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5 things Modi should understand about China

May 04, 2015 11:12 IST

Modi with Xi Jinping

 

'While visits and personal meetings are useful, changes of strategic significance have occurred recently with Beijing trying to take the lead, which Modi must take note of.'

Srikanth Kondapalli warns of the pitfalls that await the prime minister as he prepares to visit China.

Prime Minister Narendra Modi is no stranger to China, having visited that country four times previously as Gujarat chief minister. Hence, his visit to China this fortnight is expected to be smooth. He has also met with the current political dispensation in China at various fora.

He met President Xi Jinping at Fortaleza in Brazil at the BRICS meeting on July 14 last year; during Xi's visit to India in September; at the G-20 meeting in Australia, and with Premier Li Keqiang at Naypyidaw, Myanmar, at the East Asian Summit last November.

Meetings with State Councilor Yang Jiechi and Foreign Minister Wang Yi must have also provided the prime minister with a peek into the Chinese thinking process.

While these visits and personal meetings are useful in the 'learning curve' on China, a number of changes of strategic significance have occurred recently, with Beijing trying to take the lead.

First, Modi needs to understand that tactical measures will not suffice to address China's current strategic rise. China has grown to such an extent that it is today trying to actively influence global and regional environments and reshape the system to its advantage. It is reviving the Middle Kingdom phenomenon.

Of late, China is surprising the international community with its grand initiatives, even as it provides the least inclination to the international community about its real intentions.

Xi's May 2014 CICA Summit meeting speech on Asia for Asians or the continental and maritime Silk Roads initiatives in 2013, the Asian Infrastructure Investment Bank in 2014 and the Bandung Conference speech in April 2015 are the latest.

Moreover, in a strident note, Xi, in a speech on foreign policy in November 2014, vowed to protect China's 'legitimate rights and interests,' 'protect China's overseas interests and continue to improve our capacity to provide such protection' and oppose 'the arbitrary use or threat of force' -- indicating China's expanded missions in global domains, including in areas of Indian influence.

Second, Modi needs to understand that the ground reality in Asia is changing fast. China's outwardly Monroe Doctrine has held sway over the East and South China Seas, where its anti-access and area denial strategies have imposed high costs on the United States even as the regional powers are too busy fending for themselves.

Towards the western regions, China's initiatives today have integrated these regions to feed into China's rise. Kazakhstan and Turkmenistan today are too dependent on China to follow autonomous policies. Smaller countries like Nepal, Myanmar, Pakistan, Malaysia, Mongolia and others are engrossed with domestic issues and worried about Chinese wrath.

In other words, China is looking for regional satraps in this global and regional transition period. India then has to be clear-headed on the tectonic shifts unfolding in Asia currently and at a minimum see that it is not marginalised.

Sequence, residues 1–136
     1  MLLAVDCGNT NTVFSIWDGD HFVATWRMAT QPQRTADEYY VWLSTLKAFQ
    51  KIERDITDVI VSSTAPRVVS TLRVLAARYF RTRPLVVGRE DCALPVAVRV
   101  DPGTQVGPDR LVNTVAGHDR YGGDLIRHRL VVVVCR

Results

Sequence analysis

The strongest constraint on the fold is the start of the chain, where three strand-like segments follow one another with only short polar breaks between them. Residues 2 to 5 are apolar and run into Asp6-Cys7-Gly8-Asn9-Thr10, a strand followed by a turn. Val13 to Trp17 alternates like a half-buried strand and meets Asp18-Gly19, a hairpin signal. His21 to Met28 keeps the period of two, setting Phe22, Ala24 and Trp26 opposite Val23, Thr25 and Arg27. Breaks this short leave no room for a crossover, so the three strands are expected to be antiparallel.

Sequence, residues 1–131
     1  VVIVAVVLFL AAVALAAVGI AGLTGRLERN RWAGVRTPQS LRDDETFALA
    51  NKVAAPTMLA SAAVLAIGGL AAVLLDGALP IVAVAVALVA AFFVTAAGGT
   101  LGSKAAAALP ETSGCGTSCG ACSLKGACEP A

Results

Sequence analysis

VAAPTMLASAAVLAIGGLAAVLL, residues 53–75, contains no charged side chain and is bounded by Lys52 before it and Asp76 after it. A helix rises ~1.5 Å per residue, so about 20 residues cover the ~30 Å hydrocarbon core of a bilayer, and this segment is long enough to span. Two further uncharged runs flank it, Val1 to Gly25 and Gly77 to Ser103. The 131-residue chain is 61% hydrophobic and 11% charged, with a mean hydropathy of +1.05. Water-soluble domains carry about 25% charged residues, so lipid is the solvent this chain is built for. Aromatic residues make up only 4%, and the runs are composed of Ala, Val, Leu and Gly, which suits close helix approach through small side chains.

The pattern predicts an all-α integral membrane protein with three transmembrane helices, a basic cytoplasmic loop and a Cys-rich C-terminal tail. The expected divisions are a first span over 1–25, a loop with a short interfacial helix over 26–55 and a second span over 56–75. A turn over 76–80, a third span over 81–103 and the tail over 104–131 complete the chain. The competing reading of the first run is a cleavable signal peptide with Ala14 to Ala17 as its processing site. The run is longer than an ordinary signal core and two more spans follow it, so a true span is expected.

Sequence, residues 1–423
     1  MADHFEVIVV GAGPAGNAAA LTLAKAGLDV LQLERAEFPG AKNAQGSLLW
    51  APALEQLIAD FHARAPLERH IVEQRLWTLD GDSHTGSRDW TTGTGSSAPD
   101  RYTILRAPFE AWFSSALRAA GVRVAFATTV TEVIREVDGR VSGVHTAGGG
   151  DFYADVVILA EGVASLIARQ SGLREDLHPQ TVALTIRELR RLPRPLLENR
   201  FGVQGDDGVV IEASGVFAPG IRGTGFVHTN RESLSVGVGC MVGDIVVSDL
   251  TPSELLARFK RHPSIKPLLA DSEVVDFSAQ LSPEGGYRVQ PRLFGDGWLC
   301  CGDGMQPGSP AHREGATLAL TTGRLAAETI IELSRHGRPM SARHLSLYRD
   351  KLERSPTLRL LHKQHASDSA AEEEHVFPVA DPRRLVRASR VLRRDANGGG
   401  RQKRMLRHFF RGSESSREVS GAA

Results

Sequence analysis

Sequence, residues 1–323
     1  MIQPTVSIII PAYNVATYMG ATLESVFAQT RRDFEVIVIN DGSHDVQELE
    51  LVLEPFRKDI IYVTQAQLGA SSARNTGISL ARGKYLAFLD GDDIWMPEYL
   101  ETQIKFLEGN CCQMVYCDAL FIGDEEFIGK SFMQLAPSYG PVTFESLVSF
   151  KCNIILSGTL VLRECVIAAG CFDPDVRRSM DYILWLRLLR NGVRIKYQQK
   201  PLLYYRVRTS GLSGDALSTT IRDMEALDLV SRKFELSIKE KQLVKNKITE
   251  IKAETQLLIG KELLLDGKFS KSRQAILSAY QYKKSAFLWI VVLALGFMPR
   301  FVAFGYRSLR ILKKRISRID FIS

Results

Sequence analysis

While asymmetries in power between Beijing and New Delhi are increasing, India should understand that even though similar asymmetries in power existed between the US and China, the latter elicited concessions from Washington.

Third, Modi needs to understand that China follows the policy of 'talking sweetly, yielding none' on contentious bilateral issues. This is generally adopted to buy time or influence and soften the other side through business deals.

For instance, the 'breakthrough' visits by Jawaharlal Nehru in 1954 and Rajiv Gandhi in 1988 hardly yielded positive results for India on contentious issues like Kashmir, the territorial dispute, Pakistan and on others.

Indeed, when then prime minister Atal Bihari Vajpayee raised the issue of the Sakshgam Valley (which Pakistan transferred to China in 1963) at the commanders conference in 2000, China has since almost shut down any concrete discussion on the territorial dispute with India.

Fourth, Modi needs to understand that with China's rise there has also been a rise in its Cold War mentality. Many officials, scholars and media personnel in China, in the light of the two decades of high growth rates, as well as due to China's traditional policy of balancing India with Pakistan, sport a Cold War mentality towards India. Unfortunately, one finds very few sane voices in China on India.

Fifth, Modi needs to understand that China follows a liangshou (two hands -- soft and hard) approach of blowing hot and cold, sometimes simultaneously. In the run-up to Prime Minister Modi's visit, several statements from China indicated the revival of 'India as an important neighbour', 'emerging country' in addition to the traditional slogans on being 'large neighbours', 'civilisational States' and the like.

Beyond this veneer, India needs to act based on any attempts by China to changes borders, the Indian Ocean or in other areas.

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Image: Prime Minister Narendra Modi with Chinese President Xi Jinping at the Sabarmati Ashram in Ahmedabad.

Srikanth Kondapalli is Professor in Chinese Studies at the Jawaharlal Nehru University, New Delhi.

Srikanth Kondapalli